Carrying forward musical legacy
Carrying forward a great tradition, Ustad Mazhar Ali Khan, Ustad Jawaad Ali Khan and Ustad Raza Ali Khan have proved to be outstanding grandsons of Ustad Bade Ghulam Ali Khan.music Updated: Apr 08, 2003 13:09 IST
Carrying forward a great tradition, and proud descendants of a lineage of great masters, Ustad Mazhar Ali Khan, Ustad Jawaad Ali Khan and Ustad Raza Ali Khan are the very outstanding young grandsons of Padmabhushan Ustad Bade Ghulam Ali Khan, doyen of the Patiala Gharana and one of this century's greatest vocalists.
The initial guidance and musical environment for Mazhar, Jawaad and Raza came from their father Karamat Ali Khan, elder son of Ustad Bade Ghulam Ali Khan. He nurtured their love for music and focused their thinking towards the greatness of this art form. Later they started formal training under their uncle and guru Ustad Munawar Ali Khan, second son of Ustad Bade Ghulam Ali Khan. He groomed them in the intricate Chaumukhia style of the Patiala Kasur Gayaki. Their Guru's vigorous talim of many years coupled with their own untiring riyaz has moulded them into mature and capable vocalists.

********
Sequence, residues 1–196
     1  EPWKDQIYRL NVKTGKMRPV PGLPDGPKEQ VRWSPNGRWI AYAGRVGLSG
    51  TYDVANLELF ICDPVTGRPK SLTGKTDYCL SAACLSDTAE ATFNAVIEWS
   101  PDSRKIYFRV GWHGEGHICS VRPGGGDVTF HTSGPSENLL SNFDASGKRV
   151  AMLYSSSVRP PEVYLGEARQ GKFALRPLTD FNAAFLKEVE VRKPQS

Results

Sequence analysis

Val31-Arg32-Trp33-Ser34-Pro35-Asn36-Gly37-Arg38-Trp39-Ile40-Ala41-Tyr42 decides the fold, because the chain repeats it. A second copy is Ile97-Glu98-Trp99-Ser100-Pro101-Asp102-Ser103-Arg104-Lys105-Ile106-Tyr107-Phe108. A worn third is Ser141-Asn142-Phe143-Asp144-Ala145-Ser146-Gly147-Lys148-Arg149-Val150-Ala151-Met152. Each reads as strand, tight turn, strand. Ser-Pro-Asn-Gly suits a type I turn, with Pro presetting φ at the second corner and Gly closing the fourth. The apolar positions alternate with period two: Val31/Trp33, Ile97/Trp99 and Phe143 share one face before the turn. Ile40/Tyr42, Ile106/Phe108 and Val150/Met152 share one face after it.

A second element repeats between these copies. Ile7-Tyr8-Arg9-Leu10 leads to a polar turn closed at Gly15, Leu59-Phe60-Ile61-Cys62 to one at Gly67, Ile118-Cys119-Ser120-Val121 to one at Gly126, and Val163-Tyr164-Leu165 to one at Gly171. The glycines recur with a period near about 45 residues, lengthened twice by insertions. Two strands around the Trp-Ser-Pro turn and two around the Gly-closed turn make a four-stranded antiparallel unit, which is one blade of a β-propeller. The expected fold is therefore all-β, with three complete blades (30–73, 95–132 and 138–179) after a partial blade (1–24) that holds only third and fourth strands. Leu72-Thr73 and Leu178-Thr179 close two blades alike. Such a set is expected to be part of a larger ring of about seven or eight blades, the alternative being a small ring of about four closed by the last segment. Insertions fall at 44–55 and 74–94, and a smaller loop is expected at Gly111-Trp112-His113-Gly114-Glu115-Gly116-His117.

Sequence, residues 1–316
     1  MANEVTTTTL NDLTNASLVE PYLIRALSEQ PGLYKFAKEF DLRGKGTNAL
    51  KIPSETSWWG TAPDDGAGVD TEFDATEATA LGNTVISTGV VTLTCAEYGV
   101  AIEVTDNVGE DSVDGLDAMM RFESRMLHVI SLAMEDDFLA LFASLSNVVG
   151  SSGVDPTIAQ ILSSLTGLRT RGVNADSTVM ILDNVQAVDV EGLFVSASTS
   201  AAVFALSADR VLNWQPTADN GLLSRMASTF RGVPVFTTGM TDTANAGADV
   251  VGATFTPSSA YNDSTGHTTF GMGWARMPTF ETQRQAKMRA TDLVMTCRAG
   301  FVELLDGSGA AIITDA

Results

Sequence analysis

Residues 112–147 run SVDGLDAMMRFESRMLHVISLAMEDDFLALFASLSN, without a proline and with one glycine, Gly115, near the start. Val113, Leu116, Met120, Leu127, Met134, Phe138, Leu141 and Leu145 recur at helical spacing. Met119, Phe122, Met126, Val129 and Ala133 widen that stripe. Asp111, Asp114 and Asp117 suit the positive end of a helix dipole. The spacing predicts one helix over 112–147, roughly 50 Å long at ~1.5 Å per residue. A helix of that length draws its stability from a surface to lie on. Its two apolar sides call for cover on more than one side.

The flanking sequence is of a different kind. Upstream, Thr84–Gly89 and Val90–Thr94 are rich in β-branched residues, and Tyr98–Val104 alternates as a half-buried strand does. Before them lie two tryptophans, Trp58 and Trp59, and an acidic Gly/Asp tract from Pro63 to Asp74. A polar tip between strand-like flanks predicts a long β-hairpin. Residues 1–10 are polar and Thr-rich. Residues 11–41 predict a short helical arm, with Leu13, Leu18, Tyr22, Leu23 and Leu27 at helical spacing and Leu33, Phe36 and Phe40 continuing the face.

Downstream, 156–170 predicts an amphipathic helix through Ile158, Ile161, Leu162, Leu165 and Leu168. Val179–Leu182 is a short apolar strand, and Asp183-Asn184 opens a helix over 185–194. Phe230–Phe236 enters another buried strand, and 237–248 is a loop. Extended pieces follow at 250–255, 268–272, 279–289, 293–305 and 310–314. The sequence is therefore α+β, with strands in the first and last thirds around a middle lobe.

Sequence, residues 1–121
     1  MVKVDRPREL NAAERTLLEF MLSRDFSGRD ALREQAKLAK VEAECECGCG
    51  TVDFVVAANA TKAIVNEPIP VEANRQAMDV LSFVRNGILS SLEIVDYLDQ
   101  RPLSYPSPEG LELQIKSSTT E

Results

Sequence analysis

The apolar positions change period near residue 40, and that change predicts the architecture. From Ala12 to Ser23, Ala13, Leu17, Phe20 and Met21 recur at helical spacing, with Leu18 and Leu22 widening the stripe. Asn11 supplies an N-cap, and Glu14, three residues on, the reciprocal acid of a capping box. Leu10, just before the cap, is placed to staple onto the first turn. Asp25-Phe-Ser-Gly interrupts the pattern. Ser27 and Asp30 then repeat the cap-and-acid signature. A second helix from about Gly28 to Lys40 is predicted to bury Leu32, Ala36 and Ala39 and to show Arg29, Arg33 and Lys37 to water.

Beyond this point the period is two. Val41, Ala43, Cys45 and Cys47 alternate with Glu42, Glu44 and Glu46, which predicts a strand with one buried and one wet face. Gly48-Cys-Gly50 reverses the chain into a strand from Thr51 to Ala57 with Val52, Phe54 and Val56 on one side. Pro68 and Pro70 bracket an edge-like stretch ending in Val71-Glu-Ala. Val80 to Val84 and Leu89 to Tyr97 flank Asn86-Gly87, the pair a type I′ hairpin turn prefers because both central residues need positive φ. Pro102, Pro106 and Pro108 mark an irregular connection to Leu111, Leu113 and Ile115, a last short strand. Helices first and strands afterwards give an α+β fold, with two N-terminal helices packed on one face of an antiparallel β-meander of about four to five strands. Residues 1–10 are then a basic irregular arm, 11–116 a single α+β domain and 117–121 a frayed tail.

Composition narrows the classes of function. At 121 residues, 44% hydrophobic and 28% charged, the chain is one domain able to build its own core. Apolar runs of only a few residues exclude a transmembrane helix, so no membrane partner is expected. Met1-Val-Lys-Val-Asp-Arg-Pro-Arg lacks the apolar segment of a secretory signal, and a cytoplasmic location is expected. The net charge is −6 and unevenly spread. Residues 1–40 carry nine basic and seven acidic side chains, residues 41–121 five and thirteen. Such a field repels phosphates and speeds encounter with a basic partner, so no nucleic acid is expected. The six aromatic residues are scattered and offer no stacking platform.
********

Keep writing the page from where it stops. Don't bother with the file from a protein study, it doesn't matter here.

Speaking of their grandfather, the Khans say, "It is our grandfather who concentrated on the more classical aspect of singing. Even three decades after his death, there remains an indelible impression of his style on this gharana. The Patiala gharana lays emphasis on swiftness in presenting taans."
The Khan brothers, in their several of their concerts in India, Pakistan and Canada, have been flooding audiences with nostalgic memories of their beloved grandfather with their expertise in weaving complex taan patterns, and their control over swara and laya. Their broad and virile voices compel attention and their performances never fail to impress the audience. While remaining within the norms of their gayaki, they innovate and create a definitive aura and brilliance in their renderings encompassing perfect technique and aesthetics.
Concludes Jawwad Ali Khan, "Singing has got to wear the requisite look of a determinate expressiveness; and to this aesthetic semblance, a choice of appropriate words, distinctly spoken, should be allowed to contribute."